Under existing and upcoming EU law, including Solvency II and the Insurance Distribution Directive, insurers are required to take all appropriate steps to prevent, identify, mitigate and manage conflicts of interest including those resulting from monetary incentives received from asset managers and resulting from the management of unit-linked products. The opinion states that national competent authorities, such as the Central Bank of Ireland, are expected to take the necessary supervisory actions to emphasise the importance of this to insurers and to provide guidance to insurers on how to apply these legal principles in relation to such conflicts of interest, as well as their practical application to the management of unit-linked products. The guidance should cover possible organisational or administrative arrangements aimed at preventing conflicts of interest from adversely affecting the interests of policyholders, measures to manage unit-linked products in the best interest of policyholders and ensure that customers are provided with appropriate information on the nature and criteria used by insurers for the selection of underlying funds on offer.
EIOPA’s opinion is here.
European Commission Published Report on Exercise of Power ao Adopt Delegated Acts Under Solvency Ii Directive
On 7 December, the European Commission published its report on the exercise of the power to adopt delegated acts conferred on the Commission pursuant to Solvency II. The report is required under Article 301a(2) of Solvency II. Pursuant to this provision, the delegation of power to adopt delegated acts referred to in certain Articles of Solvency II is conferred on the Commission for a period of four years from 23 May 2014. The report must be drawn up at the latest six months before the end of that four-year period.
The report details the exercise of the power under each article. It concludes that it has exercised its delegated powers in a timely and correct manner to ensure that the required Delegated Acts are in place for insurance and reinsurance undertakings and national supervisory authorities to apply the rules on the date the Solvency II Directive became fully applicable. It has since used the powers to ensure that the prudential framework is appropriately calibrated to allow insurers to contribute to the Capital Markets Union as long-term investors. The Commission considers that all delegations of power should be retained.
The European Commission’s report is here.
EIOPA Publishes Supervisory Statement on Solvency and Financial Condition Report
On 18 December, EIOPA published a supervisory statement on Solvency and Financial Condition Reports (SFCRs) that are required to be prepared annually and made publicly available under Solvency II. EIOPA's assessment is based on the observations from the analysis of a sample of published group SFCRs and observations regarding the 2016 group and solo SFCRs collected by the national competent authorities in the EEA. EIOPA highlights a number of important points and areas that need improvement, including:
The need for a more fit-for-purpose ‘Summary’ section of the SFCR that has improved content and clarity and encompasses relevant SFCR areas and briefly provides relevant information (given the importance of the summary section, EIOPA has clarified its expectations as the minimum content);
The placement of QRTs in an Annex to the SFCR, although a good practice, should not prevent undertakings/groups from providing quantitative and qualitative information in the body of the SFCR;
Undertakings/groups should disclose information about the management of own funds in the context of the undertaking’s/group’s strategy and business model, including information on the time horizon used for business planning and on any material changes over the reporting period; and
In next year’s SFCR undertakings/groups should also include comparative information in certain areas of the SFCR.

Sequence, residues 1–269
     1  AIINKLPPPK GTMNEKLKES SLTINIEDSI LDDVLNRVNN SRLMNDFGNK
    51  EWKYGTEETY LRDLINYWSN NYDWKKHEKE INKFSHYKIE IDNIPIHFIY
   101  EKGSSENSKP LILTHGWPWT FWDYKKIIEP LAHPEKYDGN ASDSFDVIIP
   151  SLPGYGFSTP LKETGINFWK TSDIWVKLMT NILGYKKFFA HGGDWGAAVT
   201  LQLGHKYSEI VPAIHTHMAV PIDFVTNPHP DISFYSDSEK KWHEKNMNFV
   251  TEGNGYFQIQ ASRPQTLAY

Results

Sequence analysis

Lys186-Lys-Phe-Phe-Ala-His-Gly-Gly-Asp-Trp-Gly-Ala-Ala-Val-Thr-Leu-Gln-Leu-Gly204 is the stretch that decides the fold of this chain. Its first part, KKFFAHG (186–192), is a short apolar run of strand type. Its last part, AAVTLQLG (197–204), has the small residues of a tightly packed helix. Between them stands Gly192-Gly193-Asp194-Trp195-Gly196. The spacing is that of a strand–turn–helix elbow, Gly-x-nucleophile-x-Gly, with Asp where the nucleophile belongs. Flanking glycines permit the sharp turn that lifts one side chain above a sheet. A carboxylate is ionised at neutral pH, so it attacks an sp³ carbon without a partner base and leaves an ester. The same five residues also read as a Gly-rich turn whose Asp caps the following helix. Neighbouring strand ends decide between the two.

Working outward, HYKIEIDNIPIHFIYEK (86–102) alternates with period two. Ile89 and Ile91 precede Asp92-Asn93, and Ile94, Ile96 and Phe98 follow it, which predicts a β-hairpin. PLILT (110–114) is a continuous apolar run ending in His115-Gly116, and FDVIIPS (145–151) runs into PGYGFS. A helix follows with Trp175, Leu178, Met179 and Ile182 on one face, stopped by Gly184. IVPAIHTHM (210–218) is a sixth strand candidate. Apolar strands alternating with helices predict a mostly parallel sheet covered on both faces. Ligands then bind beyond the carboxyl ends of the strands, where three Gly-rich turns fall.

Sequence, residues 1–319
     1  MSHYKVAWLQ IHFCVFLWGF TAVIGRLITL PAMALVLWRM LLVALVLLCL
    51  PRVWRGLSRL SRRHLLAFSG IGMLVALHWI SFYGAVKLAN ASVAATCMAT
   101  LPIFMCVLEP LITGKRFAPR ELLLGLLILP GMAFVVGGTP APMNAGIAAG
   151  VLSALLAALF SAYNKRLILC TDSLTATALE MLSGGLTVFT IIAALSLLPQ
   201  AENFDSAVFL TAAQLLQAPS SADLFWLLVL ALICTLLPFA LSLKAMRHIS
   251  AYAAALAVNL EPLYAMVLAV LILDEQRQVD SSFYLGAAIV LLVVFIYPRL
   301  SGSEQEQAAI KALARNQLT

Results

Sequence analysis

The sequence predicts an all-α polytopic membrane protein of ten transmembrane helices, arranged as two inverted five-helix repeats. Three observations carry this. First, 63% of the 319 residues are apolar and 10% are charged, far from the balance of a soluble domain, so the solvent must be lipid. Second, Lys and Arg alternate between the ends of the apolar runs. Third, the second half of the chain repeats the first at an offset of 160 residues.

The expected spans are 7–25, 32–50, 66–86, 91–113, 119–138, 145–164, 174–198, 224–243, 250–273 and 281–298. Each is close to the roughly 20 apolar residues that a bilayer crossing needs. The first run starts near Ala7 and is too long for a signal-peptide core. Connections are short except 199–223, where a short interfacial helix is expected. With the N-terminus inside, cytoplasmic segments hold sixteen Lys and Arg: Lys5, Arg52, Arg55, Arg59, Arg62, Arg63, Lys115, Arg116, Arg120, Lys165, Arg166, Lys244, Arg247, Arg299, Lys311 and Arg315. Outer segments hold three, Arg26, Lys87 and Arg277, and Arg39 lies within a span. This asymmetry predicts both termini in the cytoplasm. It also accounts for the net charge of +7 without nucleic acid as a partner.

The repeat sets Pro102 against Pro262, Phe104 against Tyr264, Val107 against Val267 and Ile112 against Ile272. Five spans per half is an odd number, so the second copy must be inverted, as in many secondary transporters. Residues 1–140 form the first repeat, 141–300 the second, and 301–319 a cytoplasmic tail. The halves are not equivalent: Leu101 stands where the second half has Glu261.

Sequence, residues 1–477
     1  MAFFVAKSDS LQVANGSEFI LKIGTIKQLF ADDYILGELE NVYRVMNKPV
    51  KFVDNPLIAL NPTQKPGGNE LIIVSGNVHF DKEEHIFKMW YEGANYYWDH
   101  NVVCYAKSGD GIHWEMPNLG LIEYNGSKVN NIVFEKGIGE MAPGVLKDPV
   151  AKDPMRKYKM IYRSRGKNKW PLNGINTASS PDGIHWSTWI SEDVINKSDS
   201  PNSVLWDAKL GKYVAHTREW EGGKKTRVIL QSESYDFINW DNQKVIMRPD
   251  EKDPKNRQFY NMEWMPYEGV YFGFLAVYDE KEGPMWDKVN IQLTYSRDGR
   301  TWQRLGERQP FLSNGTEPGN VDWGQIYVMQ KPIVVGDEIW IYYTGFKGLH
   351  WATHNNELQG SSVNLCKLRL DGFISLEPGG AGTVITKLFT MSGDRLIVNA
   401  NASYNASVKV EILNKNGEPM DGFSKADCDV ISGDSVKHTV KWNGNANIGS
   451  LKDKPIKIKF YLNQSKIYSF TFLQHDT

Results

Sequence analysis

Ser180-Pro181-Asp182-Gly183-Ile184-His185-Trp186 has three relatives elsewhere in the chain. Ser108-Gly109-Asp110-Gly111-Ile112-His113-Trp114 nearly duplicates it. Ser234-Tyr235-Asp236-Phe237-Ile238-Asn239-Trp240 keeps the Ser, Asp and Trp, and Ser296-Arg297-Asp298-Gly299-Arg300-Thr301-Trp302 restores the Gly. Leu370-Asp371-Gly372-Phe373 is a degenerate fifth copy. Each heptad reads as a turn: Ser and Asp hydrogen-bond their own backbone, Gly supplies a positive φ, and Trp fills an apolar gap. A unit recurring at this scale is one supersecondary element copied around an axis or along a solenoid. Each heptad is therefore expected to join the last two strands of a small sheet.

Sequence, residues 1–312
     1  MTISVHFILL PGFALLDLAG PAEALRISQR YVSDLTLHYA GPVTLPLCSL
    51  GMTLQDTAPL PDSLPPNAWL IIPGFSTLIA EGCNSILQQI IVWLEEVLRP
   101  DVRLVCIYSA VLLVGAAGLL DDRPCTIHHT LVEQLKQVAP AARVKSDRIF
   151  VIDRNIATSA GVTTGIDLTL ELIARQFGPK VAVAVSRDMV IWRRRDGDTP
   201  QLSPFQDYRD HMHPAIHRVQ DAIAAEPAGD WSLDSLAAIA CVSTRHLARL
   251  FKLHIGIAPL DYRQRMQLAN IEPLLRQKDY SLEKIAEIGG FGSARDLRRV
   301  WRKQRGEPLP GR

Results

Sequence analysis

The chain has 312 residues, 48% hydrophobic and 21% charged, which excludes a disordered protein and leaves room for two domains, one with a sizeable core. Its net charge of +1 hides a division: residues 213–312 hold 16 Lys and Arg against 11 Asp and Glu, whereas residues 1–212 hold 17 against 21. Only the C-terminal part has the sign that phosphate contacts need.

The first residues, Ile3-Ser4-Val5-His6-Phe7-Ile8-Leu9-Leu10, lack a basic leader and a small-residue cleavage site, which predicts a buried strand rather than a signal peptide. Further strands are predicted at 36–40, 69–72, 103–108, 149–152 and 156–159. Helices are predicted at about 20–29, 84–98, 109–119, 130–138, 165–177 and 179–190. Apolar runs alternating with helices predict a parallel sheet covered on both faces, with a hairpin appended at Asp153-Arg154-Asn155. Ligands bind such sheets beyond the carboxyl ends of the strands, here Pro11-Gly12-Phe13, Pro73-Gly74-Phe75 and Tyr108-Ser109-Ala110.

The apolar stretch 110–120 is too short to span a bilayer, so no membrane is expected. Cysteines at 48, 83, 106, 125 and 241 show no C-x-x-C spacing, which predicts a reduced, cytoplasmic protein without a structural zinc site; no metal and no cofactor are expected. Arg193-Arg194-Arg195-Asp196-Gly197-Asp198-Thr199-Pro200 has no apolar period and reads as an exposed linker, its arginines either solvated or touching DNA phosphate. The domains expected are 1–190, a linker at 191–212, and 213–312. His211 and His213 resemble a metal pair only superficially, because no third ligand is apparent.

EIOPA’s statement is here.
EIOPA Publishes Q&A on the Comprehension Alert in the KID For IBIPs
On 19 December, EIOPA published a Q&A on the comprehension alert in the Key Information Document (KID) for Insurance-Based Investment Products (IBIPs). The question asks which conditions should be used to determine whether a comprehension alert needs to be included in the KID for an IBIP. The document clarifies that a comprehension alert would need to be included in the KID where an IBIP does not meet the requirements on non-complexity laid down in the Insurance Distribution Directive (as supplemented by the IDD Delegated Regulation and recent EIOPA Guidelines) and goes into further detail on this point. It also clarifies that the criteria for determining whether a comprehension alert is required apply from 1 January 2018.
EIOPA’s Q&A is here.
EIOPA Publishes December 2017 Financial Stability Report
EIOPA has published its December Financial Stability Report for 2017. It concludes that the global economic outlook continues to improve; however, a prolonged low yield environment and unprecedented low levels of market volatility coupled with high levels of economic and political uncertainty continue to represent major challenges for European (re)insurers. (Re)insurers have responded to these challenges by adapting their investment and business models. For example, life insurers have reduced and continue to reduce the guaranteed rates on new products in many countries, or do not offer guaranteed products at all anymore. However, the low yield environment persists and the search for yield continues. The trend identified in last year’s report of life insurers moving their business model towards unit-linked investments has continued and requires further scrutiny from supervisors as it shifts risk to policyholders. The European insurance sector is well capitalised with the median solo insurer having a Solvency Capital Requirement ratio above 200%, well above the 100% prudential requirement.
In 2017, the global reinsurance market continued to suffer from an oversupply of capacity owing to the absence of large losses in previous years and the continuing inflow of alternative capital into the reinsurance market. The 2017 hurricane season was expected to add to rising claims towards the end of the year leading to lower technical results for many reinsures at year end.
The report is divided into two parts, the first identifies key risks for the insurance and pension sector and wider industry, the second part contains a thematic article entitled “Macroeconomic fundamentals and latent factor of the European Union yield curve”.
EIOPA’s report is here.